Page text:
Jun 19, 2020

DHL: ensuring safety & productivity in manufacturing

Georgia Wilson
4 min
cogs wiith product, efficiency, quality, service and innovation written on them
Mike Bristow, Managing Director, Manufacturing Logistics, DHL Supply Chain, on safe and productive manufacturing as organisations restart their operatio...

As the manufacturing sector returns to work across the country, with new social distancing and hygiene measures in place, it will be vital to find the balance between productivity and safety to make the ‘restart’ as smooth as possible.

Addressing these changes head-on will be key, and while planning for an uncertain future is particularly challenging, there are actions that leaders can take now to minimise disruption and improve their supply chain resilience for the future. The initial phase of the pandemic response presented us with some incredibly important learning opportunities, and taking these on board, while treating the restart phase as an ongoing process, will help as we move forward.

Adapting supply chains in response to demand

In March DHL joined the VentilatorChallengeUK, a consortium of businesses including Rolls-Royce, Ford and Airbus to provide thousands of new medical ventilators to the NHS in the fight against COVID-19. The challenge was to stand-up a supply chain from scratch, managing over 6m parts from a new supplier base, storing, order picking and kitting, and delivering to final manufacturing locations. Over the course of a week and a half, we assembled a team of 120 people (some of which who were on furlough which added greater complexity), set up a new IT system, and created 700 racking locations - all in compliance with stringent social distancing measures.

While this was a very unique challenge, as businesses begin to restart they will find themselves needing to reconfigure their own supply chains for a completely new set of circumstances, and so there are learnings to take from this.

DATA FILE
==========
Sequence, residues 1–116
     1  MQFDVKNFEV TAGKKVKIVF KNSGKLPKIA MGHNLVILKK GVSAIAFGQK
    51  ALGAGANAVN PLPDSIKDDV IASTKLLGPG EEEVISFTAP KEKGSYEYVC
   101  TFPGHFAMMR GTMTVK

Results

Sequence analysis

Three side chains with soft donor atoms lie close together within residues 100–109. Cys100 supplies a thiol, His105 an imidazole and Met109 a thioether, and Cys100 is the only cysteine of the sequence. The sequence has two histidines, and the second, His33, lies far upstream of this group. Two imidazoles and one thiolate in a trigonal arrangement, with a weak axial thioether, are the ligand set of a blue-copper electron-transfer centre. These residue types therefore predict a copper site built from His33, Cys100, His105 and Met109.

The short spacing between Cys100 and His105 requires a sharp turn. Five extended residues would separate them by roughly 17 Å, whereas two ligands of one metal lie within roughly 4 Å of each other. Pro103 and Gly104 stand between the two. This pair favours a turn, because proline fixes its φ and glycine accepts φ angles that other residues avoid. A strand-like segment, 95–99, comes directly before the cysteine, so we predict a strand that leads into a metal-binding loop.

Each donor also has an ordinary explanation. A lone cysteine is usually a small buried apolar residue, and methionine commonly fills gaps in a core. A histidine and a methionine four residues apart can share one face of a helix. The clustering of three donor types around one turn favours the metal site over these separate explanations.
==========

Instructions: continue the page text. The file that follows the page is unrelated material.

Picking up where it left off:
A crucial aspect of creating and adapting any supply chains at speed will be not waiting for perfection. As a company used to taking the time to plan, we had to adjust our normal processes to work within these new constraints. Over the coming weeks and months businesses adapting to the changing circumstances will need to put in place what they can, as quickly as they can. However it is critical that this remains a process of continual improvement and as more information becomes available, procedures should adapt and evolve in turn.

Tackling challenges and making necessary adjustments

People are your most important asset so it’s imperative that their concerns and needs are considered as part of the restart process. It’s important that people feel comfortable and reassured when coming back to work. It won’t be just about putting new measures in place, but how you communicate this to your entire workforce.

Organisations can undertake a number of actions to ensure they meet social distancing guidelines and can keep their people safe. At our own sites we are running through a 120-point plan, which identifies all the major touch points in the building and sets out a continual cleansing schedule, using our existing real estate and assets to ensure quality controls and compliance are in place.

Another adjustment that businesses will face will be to split out regular shifts, perhaps extending working hours or introducing a weekend shift with a different team. Rigorous handovers with a high level of detail will need to be introduced and there should be regular conversations around the impact these split shifts have on productivity. Make sure your employees understand why procedures have been put in place and have a clear understanding of the purpose behind your business strategy.

Using crises or experiences to inform decisions

It’s important that we take learnings from experiences such as these and align plans in a way that makes us more resilient in the future. By thinking back to what we’ve learnt, we can build our resources and capabilities which allow for more preparedness should the improbable happen.

Continuous learning, communication and a commitment to self and business improvement has never been more important. The VentilatorChallenge project was successful thanks to the constant feedback loop and regular communication with both the customer and partners. This type of industry collaboration - and the drive to succeed - knocked down the usual barriers and silos and saw everyone aligned to one single common purpose. As we look to the future, this has proven the importance of working together and regularly connecting with stakeholders to consistently improve, rather than waiting for monthly or quarterly reviews.